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1+1+1+1=1

by David Brock on January 28th, 2020

I’m a great fan of Ray Dalio’s, Principles. Today, he posted one of his principles: 1+1=3. The principle is that people collaborating effectively can accomplish more together than they can individually. (For those of you that got MBAs in the 80s/90s, the “management speak” of this concept was “synergy.”)

When I see high performing organizations, one of the characteristics is this concept of synergy. Great people with great ideas, working together to produce even better ideas and approaches.

The process you see in organizations doing this is fascinating. Dalio describes it in the Bridgewater culture. It often is strong willed people arguing, intensely for their ideas, at the same time listening to other perspectives and realizing others have great ideas as well. What happens, ends up being less the idea of any individual, but what these individuals learned and developed to be even better than what they could have done individually.

Another characteristic of these high performing organizations is that once they lock in on the new idea, everyone owns it, and they move forward together in sharp execution.

I think these capabilities are the mark of great leaders and great organizations.

Sadly, too many organizations fail to do this. Often, wickedly smart people, get together, but what results is less than their collective capabilities. Too often, rather than leveraging on their collective thinking and experience, one person’s ideas prevail. It may be that individual is the “boss,” and doesn’t listen to the others. It may be that sheer force of personality, stubbornness, or the loudest voice prevails. It may be, the others simply don’t care and aren’t engaged. Or worse, they meet, come to agreement, then go out and do what they had originally intended.

Great leaders, great organizations realize the great ideas come from inspired people, debating and challenging each other, aligning around a better idea and executing sharply. They realize it’s not “their idea” that’s best but the ideas that are the results of the collective thinking/debating of smart people challenging each other to improve.

Underlying this is a culture and value system built around genuine trust, collaboration, disciplined thinking, curiosity, and a commitment to learning and growth.

Are you working in an organizations where 1+1=3 or more, or are you working in an organization where that cannot leverage the collective intelligence of the people?

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2 Comments
  1. Kurt permalink

    Great observation, as always.

    Interesting how it aligns with the collaborative negotiation mindset I have always promoted in coaching top sales/negotiation execs.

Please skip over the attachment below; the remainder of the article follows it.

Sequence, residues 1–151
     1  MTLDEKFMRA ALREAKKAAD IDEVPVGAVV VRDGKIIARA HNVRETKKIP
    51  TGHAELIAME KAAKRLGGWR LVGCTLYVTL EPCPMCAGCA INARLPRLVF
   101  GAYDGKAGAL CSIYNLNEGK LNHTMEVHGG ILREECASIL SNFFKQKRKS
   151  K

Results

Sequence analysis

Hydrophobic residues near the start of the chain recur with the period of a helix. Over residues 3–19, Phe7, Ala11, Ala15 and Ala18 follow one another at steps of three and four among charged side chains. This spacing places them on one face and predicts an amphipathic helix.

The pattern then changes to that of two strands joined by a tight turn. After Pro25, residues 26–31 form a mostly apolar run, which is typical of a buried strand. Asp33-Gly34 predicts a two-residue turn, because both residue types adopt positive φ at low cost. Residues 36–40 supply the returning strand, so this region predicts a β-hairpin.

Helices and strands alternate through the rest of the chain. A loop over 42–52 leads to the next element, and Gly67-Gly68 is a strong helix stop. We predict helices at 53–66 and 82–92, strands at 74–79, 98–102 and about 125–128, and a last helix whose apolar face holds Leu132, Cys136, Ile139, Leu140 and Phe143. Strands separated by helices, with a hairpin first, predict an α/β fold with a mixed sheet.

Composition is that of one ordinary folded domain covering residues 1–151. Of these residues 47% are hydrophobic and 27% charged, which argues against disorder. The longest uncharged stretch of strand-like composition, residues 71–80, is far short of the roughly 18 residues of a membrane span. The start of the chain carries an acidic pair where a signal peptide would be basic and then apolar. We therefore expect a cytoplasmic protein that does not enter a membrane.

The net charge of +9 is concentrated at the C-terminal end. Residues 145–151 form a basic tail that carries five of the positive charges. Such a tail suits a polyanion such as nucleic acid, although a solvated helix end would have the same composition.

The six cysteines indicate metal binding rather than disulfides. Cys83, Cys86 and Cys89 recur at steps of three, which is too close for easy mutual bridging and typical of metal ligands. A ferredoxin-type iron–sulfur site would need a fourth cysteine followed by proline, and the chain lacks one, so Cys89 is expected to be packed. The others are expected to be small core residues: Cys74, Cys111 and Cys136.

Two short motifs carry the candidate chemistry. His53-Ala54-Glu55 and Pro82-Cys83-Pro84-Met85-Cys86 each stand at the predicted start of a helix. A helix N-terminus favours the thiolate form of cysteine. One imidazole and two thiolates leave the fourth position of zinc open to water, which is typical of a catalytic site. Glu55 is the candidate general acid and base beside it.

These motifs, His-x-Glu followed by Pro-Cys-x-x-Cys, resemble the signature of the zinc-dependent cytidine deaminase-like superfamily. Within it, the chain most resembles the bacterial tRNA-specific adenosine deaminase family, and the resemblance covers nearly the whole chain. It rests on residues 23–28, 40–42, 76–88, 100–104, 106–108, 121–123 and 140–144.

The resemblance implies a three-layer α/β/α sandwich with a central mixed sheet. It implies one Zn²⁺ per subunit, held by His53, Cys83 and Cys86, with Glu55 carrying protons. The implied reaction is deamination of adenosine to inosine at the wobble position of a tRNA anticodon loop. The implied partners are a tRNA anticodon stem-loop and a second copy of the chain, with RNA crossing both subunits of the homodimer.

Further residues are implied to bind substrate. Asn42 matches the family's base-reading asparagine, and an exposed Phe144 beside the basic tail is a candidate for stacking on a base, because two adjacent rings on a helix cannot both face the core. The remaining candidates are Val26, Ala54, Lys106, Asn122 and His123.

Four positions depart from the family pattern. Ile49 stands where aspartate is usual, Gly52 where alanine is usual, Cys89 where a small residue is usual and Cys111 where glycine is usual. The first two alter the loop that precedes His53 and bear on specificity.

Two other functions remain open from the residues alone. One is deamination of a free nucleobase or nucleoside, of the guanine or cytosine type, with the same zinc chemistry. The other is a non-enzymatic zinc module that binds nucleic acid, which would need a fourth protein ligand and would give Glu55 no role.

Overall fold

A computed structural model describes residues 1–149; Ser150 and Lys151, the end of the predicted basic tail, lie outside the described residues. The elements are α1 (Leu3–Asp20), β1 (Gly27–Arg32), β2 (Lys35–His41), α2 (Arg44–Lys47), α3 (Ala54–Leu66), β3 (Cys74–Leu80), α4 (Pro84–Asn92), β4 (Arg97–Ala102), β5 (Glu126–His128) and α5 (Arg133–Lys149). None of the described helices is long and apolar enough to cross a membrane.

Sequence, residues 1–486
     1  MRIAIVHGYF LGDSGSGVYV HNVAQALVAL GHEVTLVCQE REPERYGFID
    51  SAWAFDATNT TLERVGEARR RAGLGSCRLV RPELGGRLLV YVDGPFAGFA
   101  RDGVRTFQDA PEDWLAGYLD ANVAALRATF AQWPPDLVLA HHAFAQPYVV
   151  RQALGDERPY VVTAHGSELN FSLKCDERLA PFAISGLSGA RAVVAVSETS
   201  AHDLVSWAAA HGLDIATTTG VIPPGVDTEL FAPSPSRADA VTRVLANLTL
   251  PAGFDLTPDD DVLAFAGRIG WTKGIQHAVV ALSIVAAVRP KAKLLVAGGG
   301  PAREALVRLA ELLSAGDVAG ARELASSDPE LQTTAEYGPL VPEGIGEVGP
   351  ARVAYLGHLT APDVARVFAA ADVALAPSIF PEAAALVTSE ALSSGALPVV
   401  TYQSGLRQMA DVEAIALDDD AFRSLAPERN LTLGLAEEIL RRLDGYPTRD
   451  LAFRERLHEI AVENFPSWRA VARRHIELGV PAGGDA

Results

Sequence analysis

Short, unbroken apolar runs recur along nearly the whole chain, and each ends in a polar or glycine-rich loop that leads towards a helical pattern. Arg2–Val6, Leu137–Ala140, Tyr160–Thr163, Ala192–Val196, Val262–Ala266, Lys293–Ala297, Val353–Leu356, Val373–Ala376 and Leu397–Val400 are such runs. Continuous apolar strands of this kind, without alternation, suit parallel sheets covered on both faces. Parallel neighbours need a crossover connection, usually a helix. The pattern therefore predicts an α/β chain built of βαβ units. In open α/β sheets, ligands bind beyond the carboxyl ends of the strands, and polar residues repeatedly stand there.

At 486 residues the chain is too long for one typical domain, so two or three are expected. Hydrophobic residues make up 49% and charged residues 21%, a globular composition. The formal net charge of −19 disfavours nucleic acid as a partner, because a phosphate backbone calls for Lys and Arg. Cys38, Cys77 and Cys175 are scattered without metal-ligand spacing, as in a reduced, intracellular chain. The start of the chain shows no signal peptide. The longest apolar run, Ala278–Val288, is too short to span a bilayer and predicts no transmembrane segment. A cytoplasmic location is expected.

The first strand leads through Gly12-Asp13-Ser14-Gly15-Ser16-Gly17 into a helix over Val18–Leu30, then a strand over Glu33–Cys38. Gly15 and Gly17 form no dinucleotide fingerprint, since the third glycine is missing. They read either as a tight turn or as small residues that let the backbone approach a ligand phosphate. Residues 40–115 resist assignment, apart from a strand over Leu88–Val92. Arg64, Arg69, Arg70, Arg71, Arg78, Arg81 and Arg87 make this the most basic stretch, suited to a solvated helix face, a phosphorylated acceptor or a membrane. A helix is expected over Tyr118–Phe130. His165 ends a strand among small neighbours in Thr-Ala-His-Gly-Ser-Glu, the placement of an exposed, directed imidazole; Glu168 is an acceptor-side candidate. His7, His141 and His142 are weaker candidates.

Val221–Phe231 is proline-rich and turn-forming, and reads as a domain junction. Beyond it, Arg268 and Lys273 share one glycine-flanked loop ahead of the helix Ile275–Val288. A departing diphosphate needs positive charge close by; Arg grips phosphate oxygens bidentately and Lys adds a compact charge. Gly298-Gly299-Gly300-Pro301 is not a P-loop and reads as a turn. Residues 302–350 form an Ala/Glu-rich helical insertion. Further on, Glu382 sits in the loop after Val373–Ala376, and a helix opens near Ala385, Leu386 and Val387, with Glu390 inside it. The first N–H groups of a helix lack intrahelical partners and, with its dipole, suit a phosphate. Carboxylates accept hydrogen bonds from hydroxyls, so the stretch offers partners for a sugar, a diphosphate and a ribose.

Sometimes people see the extremes of negotiation at Winner/Competitive vs. Loser/Acquiescent. And the “middle ground” is “Compromise” which in my experience often ends up being the lowest common denominator. I don’t know who first said it, but “Compromise is the fine art of everyone walking away equally dissatisfied.” Or as one of my old coaches said, “it’s like kissing your sister.” THAT is 2+2=3.

    COLLABORATION (as opposed to compromise) is 2+2=5. Everyone goes away with MORE than what they contributed individually.

    Take a closer look at ALL the ingredients and mix in a little less ego, and you can end up with a cake instead of a crouton.

  2. Brian MacIver permalink

    Yes I’m a 1980/90 MBA,
    and synergy was one of the Mantras.
    “Synergy” of Companies, synergies of people.

    My Partner, the Psychologist and Number cruncher, and I, have debated this again and again.

    Her take was simple for 1+1=2 each have to be completely different, otherwise you just had repetition, or 1+1=1 if identical.

    Then, one of my MBA tutors agreed.

    He was presenting “Scientific Management” Taylorism, and presented the production figures for Nail manufacture, where Craft individuals completed ever job, Extrusion, Sharpening, Heading. Then, showed the production advantage of Production line where each man only extruded, headed or sharpened, production rose significantly.

    In Sales we do this by Product range splits, Hunter/Farmer Divides, Customer Line Of Business focus. But, all to often we don’t get the results that Manufacturing does.

    Because we ignore Taylor’s wisdom.
    (1) Science, Not Rule of Thumb:
    (2) Harmony, Not Discord:
    (3) Cooperation, Not Individualism:
    (4) Development of Each and Every Person to His / Her Greatest Efficiency and Prosperity:

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